It’s A Different Life, But Still Wonderful

a wonderful life

It’s my tradition to buy a few truly meaningful Christmas ornaments for my daughter and her husband and present them at Thanksgiving. This year I found a ball that had gold-leaf applied against a brilliant aqua background. It resembles a globe which relates to my son-in-law’s profession. A simple lantern-shaped green glass ornament fits in with my daughter’s no-frills style.

An ornament for the couple that would demonstrate something positive about the past year proved more elusive. So many of the handmade ornaments on Etsy made a connection to the pandemic. Elves wearing masks and the zeroes in “2020” being represented by rolls of toilet paper seemed to be quite popular themes.

But even though this year was filled with a worldwide devastating pandemic, political divisiveness, civil unrest, polarizing views on various issues, economic problems for our families and businesses, ALONG WITH all the personal issues that we individually face, I wanted an ornament that represents HOPE.

I found it in a simple silver bell with an attached tag that reads, “It’s a wonderful life.” It is, of course, a reference to the 1946 movie of the same name. Movie ratings/review site “Rotten Tomatoes” gives this consensus: “The holiday classic to define all holiday classics, It’s a Wonderful Life is one of a handful of films worth an annual viewing.”

The movie is the story of George Bailey who, for at least the early part of his life, longed for adventure and to live somewhere other than the small town of Bedford Falls where he grew up. But he ended up marrying the first and only love of his life from the town and having a passel of kids. Along the way, he helped most of the town’s people in small ways that had a much larger impact than he realized.

When George is faced with a financial crisis caused by an incompetent uncle (an arrest warrant for George has been issued), he decides the world would be a much better place if he’d never been born. A Heavenly angel named Clarence intervenes and shows him what the world would be like NOW if George had never existed.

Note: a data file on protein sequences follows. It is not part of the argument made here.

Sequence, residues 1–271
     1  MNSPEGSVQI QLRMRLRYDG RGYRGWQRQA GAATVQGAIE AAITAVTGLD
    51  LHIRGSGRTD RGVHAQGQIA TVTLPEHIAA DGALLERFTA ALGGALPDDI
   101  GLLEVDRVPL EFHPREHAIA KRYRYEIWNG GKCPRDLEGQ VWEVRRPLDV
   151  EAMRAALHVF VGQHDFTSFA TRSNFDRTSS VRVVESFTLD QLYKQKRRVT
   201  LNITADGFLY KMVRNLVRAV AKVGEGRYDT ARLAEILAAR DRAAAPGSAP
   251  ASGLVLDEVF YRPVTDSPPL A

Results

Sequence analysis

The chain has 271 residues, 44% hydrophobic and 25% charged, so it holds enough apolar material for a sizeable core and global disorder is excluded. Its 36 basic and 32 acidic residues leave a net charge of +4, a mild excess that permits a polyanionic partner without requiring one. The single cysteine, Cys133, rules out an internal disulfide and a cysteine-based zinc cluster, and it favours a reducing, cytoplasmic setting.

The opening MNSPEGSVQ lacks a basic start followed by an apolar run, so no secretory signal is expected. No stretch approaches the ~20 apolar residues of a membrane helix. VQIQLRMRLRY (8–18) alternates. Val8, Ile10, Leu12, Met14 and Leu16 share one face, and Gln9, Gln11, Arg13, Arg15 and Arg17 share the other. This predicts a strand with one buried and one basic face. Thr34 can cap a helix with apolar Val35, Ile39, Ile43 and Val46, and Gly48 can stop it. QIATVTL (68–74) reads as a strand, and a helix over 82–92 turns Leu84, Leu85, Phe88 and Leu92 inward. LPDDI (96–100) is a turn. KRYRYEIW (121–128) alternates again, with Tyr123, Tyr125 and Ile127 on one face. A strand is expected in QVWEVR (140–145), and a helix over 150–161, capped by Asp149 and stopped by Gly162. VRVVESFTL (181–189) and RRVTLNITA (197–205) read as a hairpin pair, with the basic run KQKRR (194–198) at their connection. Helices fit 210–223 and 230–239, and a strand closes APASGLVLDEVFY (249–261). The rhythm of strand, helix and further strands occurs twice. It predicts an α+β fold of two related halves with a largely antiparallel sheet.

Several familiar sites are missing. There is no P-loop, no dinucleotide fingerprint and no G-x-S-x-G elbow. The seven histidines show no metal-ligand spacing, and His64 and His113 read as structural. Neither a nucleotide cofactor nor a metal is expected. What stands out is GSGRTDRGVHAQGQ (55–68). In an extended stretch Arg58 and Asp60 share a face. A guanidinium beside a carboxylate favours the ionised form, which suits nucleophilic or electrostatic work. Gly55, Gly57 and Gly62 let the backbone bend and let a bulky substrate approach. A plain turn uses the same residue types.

It turns out that it would be a dark and terrible place.

And so it is for all of us. Regardless of what we may think about ourselves, we have each made a tremendous difference in people’s lives. It’s easy to consider our family and respond, “Well sure, I guess I’ve been a good mom or dad to my kids.” Or “I love my parents.” And maybe, “I’m supportive of my brothers/sisters.” Hopefully, we can see the results within our family.

But just like with George, it’s the small, seemingly inconsequential acts of kindness we perform for other people outside our circle that turn out to impact their lives in ways we may never know.

So as Christmas approaches and the complex year of 2020 winds down, I want each of you to know I truly do believe it’s a wonderful life and that I’m so thankful you are in mine, even if I don’t know you except by your act of kindness by being a reader of this post.

~~~~~

The nine-minute ending of the movie

 

4 thoughts on “It’s A Different Life, But Still Wonderful

  1. Nancy Caldwell says:

    God Bless you and yours with a blessed and joyous Christmas and a healthy, happy New Year! You are part of a “Wonderful Life”. Keep up the inspiring blogs.

  2. Linda Solich says:

    Norma, I don’t think you have any idea of how many lives you impact in your writing and everyday life. I am trying to look for the small joys that 2020 has brought. I wish I could put it down on paper as eloquently as you have. My life is all about “hope” these days so this story was especially meaningful to me. Thank you for always inspiring me to be a better person. Your mom hit the nail on the head when we all said good-bye to you at the airport and she said, “I hope she is happy and makes something of herself”. You surely did. You are amazing.

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